Commission Does More Backtracking

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ST JOHN’S, Antigua – As the timeline for general elections gets shorter, the Antigua & Barbuda Electoral Commission (ABEC) has had to do another about face, this time on its position to have a super centre at which all electors would register.

Two weeks ago, Chairman of ABEC Juno Samuel said the first wave of registration would take place at Multipurpose Centre at Perry Bay, for a month, and thereafter registration would continue in the 17 constituencies.

There was insistence even with both parties – the ruling United Progressive Party (UPP) less vociferously than the main opposition Antigua Labour Party (ALP) – opposing the decision.

On Thursday, the political parties were informed that the decision was rescinded and registration will only take place in the constituencies, starting September 30. The parties also received copies of the registration centres.

Apparently, as it was with the last climb down concerning the process leading to re-registration, the law had the final say.

Legal Counsel to ABEC Patricia Simon Forde told OBSERVER media, “I was consulted on the issue of the super centre and I said it was not possible under the current legislation. The existing legislation makes no provision for that.”

Even with the announced change, Political Leader of the ALP Gaston Browne is still dissatisfied with the time available for re-registration.

“There is not sufficient time to have the optimal amount of potential electors registered going into the 2014 polls,” Browne said.

He said there needs to be at least three and as many as five registration lists.

His newest contention is that after the first wave of registration ends on October 25, validation of the list will take 45 days.

“The completed list will not be available before end of December. If the prime minister calls the election in January, he will have to use the December list. What will happen, there will only be one ratified list. Anyone who does not register between September 30 and October 25 will find themselves ineligible to vote in 2014,” Browne said.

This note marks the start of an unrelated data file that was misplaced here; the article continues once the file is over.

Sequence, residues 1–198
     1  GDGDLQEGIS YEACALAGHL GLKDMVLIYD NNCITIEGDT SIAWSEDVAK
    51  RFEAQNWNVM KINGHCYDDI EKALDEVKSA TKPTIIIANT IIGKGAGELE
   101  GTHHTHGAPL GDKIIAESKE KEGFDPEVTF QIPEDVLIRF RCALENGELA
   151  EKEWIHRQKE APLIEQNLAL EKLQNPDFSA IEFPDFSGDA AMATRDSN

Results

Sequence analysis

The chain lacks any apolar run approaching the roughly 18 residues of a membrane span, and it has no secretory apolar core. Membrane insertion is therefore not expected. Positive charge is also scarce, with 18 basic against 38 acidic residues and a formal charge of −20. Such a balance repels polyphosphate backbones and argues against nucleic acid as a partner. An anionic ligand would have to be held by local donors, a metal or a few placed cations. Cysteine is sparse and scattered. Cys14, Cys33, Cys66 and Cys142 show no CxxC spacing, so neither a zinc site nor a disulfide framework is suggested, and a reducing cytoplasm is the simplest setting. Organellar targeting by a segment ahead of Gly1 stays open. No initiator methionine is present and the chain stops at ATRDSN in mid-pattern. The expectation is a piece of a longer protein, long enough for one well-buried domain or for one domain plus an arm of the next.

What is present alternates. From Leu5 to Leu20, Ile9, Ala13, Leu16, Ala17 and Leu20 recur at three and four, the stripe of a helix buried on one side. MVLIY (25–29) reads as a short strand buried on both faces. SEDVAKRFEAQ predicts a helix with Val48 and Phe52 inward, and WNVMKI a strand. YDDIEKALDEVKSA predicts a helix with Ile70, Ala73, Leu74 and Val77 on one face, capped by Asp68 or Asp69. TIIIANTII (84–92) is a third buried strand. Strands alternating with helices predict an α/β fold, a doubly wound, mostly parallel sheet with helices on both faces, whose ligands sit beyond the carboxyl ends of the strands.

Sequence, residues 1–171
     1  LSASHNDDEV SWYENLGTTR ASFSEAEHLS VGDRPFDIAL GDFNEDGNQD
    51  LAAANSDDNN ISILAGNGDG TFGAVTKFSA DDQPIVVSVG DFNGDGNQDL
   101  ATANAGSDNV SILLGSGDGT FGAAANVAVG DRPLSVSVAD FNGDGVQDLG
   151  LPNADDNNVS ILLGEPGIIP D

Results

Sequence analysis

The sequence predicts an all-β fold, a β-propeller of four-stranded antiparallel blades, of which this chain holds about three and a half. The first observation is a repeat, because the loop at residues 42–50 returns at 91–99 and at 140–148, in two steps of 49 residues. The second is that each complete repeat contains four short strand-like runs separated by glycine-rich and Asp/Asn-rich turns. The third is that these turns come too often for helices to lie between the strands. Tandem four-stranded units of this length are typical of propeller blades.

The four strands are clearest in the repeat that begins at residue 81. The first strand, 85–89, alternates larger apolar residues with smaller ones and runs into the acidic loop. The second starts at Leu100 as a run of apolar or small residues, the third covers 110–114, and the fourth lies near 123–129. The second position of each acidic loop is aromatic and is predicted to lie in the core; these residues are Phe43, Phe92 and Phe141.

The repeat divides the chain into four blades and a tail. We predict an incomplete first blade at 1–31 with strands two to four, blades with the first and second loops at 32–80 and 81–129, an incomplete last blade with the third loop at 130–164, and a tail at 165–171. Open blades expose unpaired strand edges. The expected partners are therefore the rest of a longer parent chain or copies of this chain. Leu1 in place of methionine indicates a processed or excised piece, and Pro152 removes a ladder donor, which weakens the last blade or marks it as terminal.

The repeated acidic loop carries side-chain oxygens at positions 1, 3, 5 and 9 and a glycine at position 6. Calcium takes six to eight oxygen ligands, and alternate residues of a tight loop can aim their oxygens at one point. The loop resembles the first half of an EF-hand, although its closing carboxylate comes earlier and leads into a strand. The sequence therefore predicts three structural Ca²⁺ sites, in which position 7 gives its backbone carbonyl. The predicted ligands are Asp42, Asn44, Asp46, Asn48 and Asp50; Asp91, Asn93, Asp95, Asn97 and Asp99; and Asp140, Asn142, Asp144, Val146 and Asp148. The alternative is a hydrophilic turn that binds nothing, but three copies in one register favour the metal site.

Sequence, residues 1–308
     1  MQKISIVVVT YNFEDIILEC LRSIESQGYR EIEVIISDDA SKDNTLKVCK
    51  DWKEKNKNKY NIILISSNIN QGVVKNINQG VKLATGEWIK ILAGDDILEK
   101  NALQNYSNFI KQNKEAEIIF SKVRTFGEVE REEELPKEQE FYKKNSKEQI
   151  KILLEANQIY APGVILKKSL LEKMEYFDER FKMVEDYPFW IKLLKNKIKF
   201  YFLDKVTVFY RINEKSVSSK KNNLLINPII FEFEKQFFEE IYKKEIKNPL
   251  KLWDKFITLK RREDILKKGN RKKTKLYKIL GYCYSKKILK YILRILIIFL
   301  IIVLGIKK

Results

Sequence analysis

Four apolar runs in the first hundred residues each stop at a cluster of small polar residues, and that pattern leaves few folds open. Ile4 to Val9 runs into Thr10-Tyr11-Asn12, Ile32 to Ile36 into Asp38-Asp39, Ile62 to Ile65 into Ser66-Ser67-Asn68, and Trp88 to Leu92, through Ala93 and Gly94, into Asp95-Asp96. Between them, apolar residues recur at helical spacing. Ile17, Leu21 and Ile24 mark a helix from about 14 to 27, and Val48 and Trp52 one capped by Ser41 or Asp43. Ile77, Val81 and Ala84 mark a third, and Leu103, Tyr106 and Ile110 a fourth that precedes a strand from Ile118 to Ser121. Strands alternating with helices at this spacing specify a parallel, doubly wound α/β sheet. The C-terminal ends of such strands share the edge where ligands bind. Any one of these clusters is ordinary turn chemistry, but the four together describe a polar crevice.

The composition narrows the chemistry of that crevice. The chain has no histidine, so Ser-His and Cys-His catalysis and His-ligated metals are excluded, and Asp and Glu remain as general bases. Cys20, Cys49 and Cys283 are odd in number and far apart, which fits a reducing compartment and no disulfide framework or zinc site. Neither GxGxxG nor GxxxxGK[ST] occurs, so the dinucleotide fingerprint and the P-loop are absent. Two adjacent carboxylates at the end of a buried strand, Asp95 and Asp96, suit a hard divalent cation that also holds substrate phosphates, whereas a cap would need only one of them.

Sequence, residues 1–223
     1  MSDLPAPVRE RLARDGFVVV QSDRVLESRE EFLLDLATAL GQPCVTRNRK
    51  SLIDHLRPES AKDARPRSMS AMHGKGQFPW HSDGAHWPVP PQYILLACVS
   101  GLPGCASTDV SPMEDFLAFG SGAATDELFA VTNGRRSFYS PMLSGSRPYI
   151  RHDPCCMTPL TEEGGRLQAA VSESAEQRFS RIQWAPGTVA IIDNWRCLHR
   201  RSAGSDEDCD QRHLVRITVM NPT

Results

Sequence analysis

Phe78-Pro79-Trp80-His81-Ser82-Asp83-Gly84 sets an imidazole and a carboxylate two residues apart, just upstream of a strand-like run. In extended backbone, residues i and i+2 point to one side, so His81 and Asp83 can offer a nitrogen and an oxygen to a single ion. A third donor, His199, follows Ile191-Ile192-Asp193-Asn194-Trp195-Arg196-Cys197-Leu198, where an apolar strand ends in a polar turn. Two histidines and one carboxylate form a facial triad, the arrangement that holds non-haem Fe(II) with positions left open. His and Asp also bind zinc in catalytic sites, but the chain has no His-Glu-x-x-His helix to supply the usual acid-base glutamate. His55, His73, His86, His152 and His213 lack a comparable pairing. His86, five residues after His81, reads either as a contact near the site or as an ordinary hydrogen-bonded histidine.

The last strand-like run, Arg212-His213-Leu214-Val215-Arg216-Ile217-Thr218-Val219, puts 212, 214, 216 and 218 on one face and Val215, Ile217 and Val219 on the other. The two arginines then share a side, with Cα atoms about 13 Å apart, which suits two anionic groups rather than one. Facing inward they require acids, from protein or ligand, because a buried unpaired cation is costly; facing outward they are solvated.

For chairman of the UPP, timing is not an issue. Leon Chaku Symister said the issue at hand is confidence in ABEC to get the job done.

“Our position is we have confidence in the Electoral Commission’s ability to advance its objective. As a country we have entrusted a commission with a different make-up and broader representation than the former commission to carry out this important duty of managing the electoral process.

“Although we ought to be concerned about how they carry out their duties, we must not hesitate to support the commission in its endeavour to conduct and manage free and fair elections in our state,” Symister said.

The commission, Symister said, has indicated it is able to register 2,000 electors daily. He averages that at that, rate in 25 days, ABEC will be able to register 50,000 electors.

The chairman also said that even after the first preliminary list, there will be continuous registration and therefore all who desire to will have more than enough time to get on to the December list.

(More in today’s Daily OBSERVER)

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